About 600 kilometers north of Lima, an imposing earthen mound looms over the sea. People began building the ceremonial structure, called Huaca Prieta, about 7800 years ago. But according to a new study, the true surprise lies buried deep beneath the 30-meter-tall mound: stone tools, animal bones, and plant remains left behind by some of the earliest known Americans nearly 15,000 years ago. That makes Huaca Prieta one of the oldest archaeological sites in the Americas and suggests that the region’s first migrants may have moved surprisingly slowly down the coast.
The evidence of early human occupation stunned Tom Dillehay, an archaeologist at Vanderbilt University in Nashville who led the new study. Initially, he was interested in examining the mound itself. But geologists on his team wanted to study the landform under the mound, so “we just kept going down,” he says. The deepest pit, which took 5 years to excavate, reached down 31 meters. Shockingly, those deep layers contained telltale signs of human occupation, Dillehay’s team reports today in Science Advances: evidence of hearth fires, animal bones, plant remains, and simple but unmistakable stone tools. Radiocarbon dates from charcoal place the earliest human occupation at nearly 15,000 years ago.
That’s made some researchers say Huaca Prieta should join the small but growing list of pre-14,000-year-old sites that have revolutionized scientists’ vision of the earliest Americans. Archaeologists used to think that people walked from Siberia through an ice-free passage down Alaska and Canada, reaching the interior of the United States about 13,000 years ago. In recent years, however, well documented earlier sites like Chile’s Monte Verde have convinced most archaeologists that humans made it deep into the Americas by 14,500 years ago, meaning that they would have had to cross Canada long before an ice-free corridor existed. That would have left them with one logical route into the Americas: down the Pacific coast. But direct evidence for such a migration is lacking.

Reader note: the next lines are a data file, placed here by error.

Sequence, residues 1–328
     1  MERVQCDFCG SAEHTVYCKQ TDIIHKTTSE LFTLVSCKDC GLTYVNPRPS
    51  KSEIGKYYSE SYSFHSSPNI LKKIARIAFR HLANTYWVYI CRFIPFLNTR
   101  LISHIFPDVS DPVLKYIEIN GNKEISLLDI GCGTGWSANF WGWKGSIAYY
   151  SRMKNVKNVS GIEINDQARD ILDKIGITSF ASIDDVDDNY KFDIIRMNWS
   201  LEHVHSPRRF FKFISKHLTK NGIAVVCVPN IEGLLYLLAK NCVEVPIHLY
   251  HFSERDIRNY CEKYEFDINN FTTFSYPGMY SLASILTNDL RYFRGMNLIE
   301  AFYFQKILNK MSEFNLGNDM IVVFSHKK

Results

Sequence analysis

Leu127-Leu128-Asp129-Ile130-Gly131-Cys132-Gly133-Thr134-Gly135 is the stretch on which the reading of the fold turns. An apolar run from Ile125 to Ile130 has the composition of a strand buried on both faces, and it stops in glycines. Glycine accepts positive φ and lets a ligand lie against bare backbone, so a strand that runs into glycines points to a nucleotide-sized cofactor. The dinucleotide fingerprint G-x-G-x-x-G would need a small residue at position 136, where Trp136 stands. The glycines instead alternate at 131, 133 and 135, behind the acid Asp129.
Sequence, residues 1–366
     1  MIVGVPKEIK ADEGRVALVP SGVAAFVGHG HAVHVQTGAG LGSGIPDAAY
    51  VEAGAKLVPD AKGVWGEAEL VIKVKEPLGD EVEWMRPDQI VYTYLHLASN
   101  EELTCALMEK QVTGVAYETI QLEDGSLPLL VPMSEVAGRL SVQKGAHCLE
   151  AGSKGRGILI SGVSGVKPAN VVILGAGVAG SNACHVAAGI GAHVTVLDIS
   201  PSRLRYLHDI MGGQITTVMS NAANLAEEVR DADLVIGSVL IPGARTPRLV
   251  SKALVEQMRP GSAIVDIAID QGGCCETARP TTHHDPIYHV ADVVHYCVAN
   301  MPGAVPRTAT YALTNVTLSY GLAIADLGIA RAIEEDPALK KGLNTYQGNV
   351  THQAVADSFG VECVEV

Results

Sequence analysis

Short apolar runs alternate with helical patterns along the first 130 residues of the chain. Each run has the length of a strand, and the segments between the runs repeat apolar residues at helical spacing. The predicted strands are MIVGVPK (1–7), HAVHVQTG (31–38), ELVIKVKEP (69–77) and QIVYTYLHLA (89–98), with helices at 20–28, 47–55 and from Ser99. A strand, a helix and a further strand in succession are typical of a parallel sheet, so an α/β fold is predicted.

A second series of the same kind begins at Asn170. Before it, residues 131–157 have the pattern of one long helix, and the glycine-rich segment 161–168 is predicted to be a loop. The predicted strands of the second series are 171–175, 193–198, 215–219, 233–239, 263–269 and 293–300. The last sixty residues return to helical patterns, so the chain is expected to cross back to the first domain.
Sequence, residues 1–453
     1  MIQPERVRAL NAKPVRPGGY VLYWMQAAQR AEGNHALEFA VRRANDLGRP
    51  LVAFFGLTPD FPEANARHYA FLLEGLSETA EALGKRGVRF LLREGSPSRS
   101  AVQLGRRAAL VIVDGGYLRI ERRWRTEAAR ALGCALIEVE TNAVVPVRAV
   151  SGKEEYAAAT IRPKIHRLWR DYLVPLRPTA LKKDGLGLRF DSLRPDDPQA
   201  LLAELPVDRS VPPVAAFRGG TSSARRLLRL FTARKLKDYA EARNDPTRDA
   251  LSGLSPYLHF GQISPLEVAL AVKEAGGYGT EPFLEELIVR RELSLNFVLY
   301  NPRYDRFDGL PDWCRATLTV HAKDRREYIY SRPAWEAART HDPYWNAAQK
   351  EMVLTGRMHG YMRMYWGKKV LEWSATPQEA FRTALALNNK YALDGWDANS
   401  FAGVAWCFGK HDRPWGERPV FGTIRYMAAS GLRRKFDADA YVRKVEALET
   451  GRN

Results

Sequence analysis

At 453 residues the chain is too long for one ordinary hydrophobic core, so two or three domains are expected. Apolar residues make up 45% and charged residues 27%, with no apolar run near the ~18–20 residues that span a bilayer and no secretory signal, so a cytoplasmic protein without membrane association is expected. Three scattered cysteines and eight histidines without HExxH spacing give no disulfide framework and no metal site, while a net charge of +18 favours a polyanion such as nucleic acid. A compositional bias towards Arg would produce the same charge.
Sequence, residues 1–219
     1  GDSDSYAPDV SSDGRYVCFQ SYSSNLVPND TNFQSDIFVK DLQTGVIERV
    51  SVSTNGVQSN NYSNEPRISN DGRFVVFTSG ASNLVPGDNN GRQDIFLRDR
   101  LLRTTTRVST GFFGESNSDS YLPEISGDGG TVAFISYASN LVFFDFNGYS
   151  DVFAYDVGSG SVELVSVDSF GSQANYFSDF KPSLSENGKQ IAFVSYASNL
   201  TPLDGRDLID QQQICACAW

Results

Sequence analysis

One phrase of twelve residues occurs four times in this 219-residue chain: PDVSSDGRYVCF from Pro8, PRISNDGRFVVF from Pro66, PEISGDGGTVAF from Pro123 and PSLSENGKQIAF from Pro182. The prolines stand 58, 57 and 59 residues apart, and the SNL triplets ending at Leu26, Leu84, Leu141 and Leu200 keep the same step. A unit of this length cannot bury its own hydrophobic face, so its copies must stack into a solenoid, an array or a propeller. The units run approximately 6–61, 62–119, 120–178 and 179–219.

The new find isn’t old enough to prove that the first Americans came down the coast, says Dillehay, who also excavated Monte Verde. But Huaca Prieta does provide a detailed snapshot of ancient coastal lives. The earliest residents lived in temporary camps in an ancient wetland, eating avocado, chiles, mollusks, sharks, birds, and sea lions. Interestingly, Dillehay did not find any fishing lines, nets, or harpoons. But he suspects people didn’t need them because storm surges would have sent seawater flooding deep inland, leaving behind pools full of stranded marine creatures. Then, the Huaca Prieta hunters could have simply smashed them over the heads and chowed down—much like people in the region do today, Dillehay says.
The Huaca Preita residents knew so much about their environment that Dillehay can’t imagine they were just stopping by on their journey south. If they were part of a wave of coastal migration, they certainly weren’t in a hurry. “This looks like people settling in,” agrees Loren Davis, an archaeologist at Oregon State University in Corvallis. “As old as this is, you’re probably not looking at the first peoples on the landscape.”
The Huaca Prietans managed to do all this with surprisingly simple stone tools. Instead of complex spear points, they used flakes knocked off round beach stones for everything from prying open shellfish to cutting up plants. “They’re like disposable razors,” says Matthew Des Lauriers, an archaeologist at California State University in Northridge, who has found the same kind of tools on Cedros Island off Baja California, where people lived more than 12,000 years ago. The similar tools could be evidence for the very first coastal migration, he says. But the only way to know for sure is to find more coastal sites.